But, of course, that control is elusive; many things are missing now, including her husband’s income, and no one in the family knows exactly what to do. Nora is still traumatized by her husband’s agonizing illness and death, shockingly mismanaged by the local doctor. “When she asked herself what she was interested in, she had to conclude that she was interested in nothing at all. . . . She wondered if she would ever again be able to have a normal conversation and what topics she might be able to discuss with ease and interest.” Her younger son has begun wetting the bed. Her older one — based on the author’s 12-year-old self — has grown withdrawn and developed a stammer.
Tóibín knows the claustrophobic dimensions of this world, but he also appreciates the vanished courtesies and intimacies it offered residents. That culture existed — and exists again in these chapters — far removed from our therapeutic age. “It will be all right,” an old nun tells Nora. “It is a small town, and it will guard you.” Nora doesn’t load up on advice books or whisk her sons to urologists and speech therapists. They rely, instead, upon their own kindness and determination. Given a little peace and space, Nora knows “she would work out how she was going to live.”
And so she does, slowly and without tears, across pages that never succumb to a single melodramatic or sentimental phrase. Much of the plot involves Nora going back, after 21 years away, to her first employers, a ridiculously imperious couple who pretend they rule the village. “Returning to work in that office belonged to a memory of being caged,” Tóibín writes, but Nora is not one for self-pity or shame. When a rude co-worker must be put in her place, she does it. Other challenges follow, some of them gently comic. Determined to reenter the world, she gets her hair dyed for the first time: “When it was finished, she knew that anyone who saw her on the way home would think that she had lost her mind.” No matter. Again and again, Nora finds herself more capable and resilient than she ever realized. When her son’s headmaster makes an unfair decision, she rises up like an Irish mother bear and threatens to hurl down “a widow’s curse.”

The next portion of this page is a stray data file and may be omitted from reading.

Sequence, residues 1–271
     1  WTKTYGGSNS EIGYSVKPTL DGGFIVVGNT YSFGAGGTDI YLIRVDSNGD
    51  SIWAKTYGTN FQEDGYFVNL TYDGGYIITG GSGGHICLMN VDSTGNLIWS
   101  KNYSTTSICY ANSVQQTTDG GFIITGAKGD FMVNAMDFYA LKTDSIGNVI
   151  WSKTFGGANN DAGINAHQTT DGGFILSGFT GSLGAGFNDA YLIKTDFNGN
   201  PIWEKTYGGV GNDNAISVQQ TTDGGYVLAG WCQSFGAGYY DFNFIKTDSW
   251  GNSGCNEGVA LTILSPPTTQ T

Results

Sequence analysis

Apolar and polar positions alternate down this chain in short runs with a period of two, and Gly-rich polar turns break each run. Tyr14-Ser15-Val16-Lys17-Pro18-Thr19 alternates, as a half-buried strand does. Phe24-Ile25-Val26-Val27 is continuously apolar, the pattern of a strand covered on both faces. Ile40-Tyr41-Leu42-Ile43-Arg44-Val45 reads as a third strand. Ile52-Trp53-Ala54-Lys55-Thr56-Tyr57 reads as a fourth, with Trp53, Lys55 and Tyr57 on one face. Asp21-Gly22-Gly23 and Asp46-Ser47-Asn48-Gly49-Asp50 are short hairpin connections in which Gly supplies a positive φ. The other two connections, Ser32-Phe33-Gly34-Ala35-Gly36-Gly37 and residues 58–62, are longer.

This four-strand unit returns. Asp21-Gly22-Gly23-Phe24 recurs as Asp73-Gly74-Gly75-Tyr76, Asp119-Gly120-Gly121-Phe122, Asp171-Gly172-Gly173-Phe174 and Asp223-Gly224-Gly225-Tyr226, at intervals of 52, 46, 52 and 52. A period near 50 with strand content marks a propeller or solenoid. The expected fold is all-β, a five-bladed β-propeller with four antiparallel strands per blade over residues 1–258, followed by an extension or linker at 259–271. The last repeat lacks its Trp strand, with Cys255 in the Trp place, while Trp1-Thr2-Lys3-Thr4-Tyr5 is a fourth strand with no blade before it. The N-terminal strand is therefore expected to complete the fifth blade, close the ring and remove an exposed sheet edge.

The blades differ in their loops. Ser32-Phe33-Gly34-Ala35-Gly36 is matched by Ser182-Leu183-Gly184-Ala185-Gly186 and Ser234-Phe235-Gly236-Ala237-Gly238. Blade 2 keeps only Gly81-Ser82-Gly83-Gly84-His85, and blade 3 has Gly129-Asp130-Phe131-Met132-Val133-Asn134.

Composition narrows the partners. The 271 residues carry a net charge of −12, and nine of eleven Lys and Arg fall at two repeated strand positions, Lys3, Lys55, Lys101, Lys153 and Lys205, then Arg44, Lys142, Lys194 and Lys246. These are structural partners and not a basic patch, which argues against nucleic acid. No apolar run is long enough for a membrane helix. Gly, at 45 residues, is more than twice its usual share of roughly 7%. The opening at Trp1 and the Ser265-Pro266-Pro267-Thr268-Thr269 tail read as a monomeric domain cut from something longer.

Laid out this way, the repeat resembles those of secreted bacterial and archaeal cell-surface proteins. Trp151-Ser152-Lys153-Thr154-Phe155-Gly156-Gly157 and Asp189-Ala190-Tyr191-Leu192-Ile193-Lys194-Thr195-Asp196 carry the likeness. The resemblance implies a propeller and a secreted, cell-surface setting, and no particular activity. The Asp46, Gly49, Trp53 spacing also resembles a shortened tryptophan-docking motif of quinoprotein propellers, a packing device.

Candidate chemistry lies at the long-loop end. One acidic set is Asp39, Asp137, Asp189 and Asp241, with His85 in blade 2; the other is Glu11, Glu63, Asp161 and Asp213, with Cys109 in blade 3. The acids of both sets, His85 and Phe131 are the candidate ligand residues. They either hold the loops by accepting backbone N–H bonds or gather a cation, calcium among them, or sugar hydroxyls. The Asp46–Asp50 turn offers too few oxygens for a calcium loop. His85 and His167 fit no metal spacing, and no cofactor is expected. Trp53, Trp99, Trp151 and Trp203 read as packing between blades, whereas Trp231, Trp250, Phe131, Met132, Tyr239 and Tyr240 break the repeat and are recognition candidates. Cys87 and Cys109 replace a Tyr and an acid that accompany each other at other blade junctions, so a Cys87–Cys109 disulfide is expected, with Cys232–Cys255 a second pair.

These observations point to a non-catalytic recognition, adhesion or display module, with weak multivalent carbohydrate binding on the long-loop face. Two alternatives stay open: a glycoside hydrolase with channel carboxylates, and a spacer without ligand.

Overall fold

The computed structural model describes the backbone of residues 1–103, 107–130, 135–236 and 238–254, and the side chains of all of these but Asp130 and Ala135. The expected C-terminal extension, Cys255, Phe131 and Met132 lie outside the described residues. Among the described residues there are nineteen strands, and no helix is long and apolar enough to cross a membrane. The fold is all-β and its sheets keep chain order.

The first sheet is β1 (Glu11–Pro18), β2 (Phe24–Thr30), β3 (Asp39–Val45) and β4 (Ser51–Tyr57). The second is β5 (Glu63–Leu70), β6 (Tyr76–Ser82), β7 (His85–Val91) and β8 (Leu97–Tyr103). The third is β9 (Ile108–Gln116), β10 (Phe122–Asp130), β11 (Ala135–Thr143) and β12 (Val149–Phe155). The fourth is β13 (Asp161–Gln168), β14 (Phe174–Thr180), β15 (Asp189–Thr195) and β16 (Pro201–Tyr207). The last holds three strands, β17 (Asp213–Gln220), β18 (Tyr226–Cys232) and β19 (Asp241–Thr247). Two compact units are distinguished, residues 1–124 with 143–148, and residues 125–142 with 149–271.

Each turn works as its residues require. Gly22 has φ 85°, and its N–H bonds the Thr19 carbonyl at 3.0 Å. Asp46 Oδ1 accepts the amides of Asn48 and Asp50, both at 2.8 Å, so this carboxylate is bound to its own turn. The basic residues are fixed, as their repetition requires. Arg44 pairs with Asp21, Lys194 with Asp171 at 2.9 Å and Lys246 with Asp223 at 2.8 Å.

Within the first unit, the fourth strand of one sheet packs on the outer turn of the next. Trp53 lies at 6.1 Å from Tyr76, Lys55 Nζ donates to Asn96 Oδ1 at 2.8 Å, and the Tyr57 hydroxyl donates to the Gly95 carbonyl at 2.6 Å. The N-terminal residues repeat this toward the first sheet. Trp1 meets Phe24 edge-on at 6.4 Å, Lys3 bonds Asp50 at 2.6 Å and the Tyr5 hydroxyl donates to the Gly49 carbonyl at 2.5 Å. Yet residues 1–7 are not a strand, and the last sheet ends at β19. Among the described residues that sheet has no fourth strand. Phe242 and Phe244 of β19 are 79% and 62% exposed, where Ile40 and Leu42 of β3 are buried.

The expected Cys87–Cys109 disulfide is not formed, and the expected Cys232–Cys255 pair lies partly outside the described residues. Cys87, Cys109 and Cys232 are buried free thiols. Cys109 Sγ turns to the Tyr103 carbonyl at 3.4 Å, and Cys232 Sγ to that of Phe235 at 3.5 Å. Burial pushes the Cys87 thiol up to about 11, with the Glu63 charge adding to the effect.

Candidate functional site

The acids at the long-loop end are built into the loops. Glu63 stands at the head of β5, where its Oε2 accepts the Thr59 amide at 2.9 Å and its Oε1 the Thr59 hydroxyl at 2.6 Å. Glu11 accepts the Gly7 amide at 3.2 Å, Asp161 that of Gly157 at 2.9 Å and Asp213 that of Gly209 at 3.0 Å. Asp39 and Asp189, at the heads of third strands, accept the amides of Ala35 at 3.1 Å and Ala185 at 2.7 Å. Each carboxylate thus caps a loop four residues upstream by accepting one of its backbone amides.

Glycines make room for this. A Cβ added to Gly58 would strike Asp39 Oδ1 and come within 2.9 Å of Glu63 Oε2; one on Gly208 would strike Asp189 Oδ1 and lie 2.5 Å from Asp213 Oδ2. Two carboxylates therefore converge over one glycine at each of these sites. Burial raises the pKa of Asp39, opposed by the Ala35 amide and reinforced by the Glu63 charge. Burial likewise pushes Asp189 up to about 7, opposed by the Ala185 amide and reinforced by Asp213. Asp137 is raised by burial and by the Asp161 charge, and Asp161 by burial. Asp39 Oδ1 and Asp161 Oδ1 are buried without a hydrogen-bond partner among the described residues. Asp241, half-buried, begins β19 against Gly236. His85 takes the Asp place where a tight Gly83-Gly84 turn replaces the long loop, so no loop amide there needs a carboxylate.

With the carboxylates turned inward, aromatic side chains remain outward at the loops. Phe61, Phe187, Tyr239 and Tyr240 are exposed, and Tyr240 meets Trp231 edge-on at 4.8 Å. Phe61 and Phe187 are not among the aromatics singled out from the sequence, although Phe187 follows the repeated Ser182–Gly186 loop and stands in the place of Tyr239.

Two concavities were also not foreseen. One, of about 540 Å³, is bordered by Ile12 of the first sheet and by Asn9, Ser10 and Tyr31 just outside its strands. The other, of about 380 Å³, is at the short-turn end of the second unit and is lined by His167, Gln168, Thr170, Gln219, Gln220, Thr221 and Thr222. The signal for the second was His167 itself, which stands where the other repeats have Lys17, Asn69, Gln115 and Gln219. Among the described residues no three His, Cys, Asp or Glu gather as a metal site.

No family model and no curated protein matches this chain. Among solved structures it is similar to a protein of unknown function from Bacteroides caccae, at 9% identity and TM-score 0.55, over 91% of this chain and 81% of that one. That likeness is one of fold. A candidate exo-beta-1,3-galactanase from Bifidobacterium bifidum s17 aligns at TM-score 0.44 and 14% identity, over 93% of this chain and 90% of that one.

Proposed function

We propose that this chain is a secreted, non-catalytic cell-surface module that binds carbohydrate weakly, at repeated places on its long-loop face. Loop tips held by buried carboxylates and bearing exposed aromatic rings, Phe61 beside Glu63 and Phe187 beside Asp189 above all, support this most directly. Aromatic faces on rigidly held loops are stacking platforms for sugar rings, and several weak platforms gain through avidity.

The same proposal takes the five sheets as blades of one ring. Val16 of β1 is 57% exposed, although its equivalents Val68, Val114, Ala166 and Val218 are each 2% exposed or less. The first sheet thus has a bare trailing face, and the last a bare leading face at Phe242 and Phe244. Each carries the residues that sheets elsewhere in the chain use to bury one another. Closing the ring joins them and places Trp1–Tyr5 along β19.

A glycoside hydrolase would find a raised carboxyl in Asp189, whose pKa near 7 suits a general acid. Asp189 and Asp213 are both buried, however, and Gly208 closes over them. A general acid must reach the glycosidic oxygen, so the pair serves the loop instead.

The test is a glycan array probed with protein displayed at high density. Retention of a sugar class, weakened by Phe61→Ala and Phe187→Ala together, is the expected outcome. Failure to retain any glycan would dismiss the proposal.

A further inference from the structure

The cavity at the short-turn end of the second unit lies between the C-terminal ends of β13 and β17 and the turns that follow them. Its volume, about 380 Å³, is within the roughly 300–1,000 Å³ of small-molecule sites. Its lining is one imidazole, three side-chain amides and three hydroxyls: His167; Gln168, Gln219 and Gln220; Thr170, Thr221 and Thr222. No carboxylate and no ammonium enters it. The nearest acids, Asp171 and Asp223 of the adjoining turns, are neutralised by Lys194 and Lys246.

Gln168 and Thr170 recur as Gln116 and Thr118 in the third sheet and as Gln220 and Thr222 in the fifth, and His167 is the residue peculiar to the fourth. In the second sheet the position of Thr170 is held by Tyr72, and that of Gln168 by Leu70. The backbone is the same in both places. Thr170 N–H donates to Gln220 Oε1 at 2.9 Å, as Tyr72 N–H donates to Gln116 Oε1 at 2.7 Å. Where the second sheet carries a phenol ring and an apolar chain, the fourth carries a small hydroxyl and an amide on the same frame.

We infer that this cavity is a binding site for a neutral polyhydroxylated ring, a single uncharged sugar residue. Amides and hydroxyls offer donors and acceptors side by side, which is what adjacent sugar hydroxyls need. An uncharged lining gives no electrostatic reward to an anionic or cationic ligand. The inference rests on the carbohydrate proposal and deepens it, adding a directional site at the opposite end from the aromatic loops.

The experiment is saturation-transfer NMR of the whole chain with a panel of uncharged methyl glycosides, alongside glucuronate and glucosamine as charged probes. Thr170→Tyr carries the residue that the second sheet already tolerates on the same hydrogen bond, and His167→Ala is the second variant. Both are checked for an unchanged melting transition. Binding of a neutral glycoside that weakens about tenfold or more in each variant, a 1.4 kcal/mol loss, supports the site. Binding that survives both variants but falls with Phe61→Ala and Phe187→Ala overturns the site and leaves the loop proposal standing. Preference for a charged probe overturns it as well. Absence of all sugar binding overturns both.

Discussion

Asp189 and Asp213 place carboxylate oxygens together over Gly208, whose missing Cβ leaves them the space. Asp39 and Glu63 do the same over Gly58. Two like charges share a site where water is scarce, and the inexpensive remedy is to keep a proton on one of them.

An autobiographical novel about one’s emotionally rigid mother sounds like an opportunity for psychic revenge. But there’s nothing like that in this story, which portrays Nora with tremendous sympathy and understanding. Here is a woman doing the best she can, learning to care for her children even as she begins to think of herself as possessing her own interests, giving herself permission to pursue artistic pleasures for their own sake. Tóibín would probably cringe at the idea, but there’s something implicitly didactic about this novel: Its barely undulating plot and exactingly modulated tone serve as a kind of guide to living without excess drama. Nora never breaks down; her children never lash out; none of them spray their grief on Twitter (they don’t even have a phone in the house). It’s a poignant reminder of a time when people responded to hardship with dignity instead of indignation.
One evening, Nora lets the boys stay up late with her to watch Ingrid Bergman in “Gaslight.”
“What’s the film?” the younger one asks.
“It’s about a woman in a house,” she tells them.
“Is that all?”
Yes. But in the right hands, that’s enough.
Charles is the editor of Book World. His reviews appear in Style every Wednesday. You can follow him on Twitter @RonCharles. On Oct. 15 at 7 p.m., Tóibín will be at Politics and Prose, 5015 Connecticut Ave. NW, Washington. Call 202-364-1919 for information.
By Colm Tóibín
Scribner. 373 pp. $27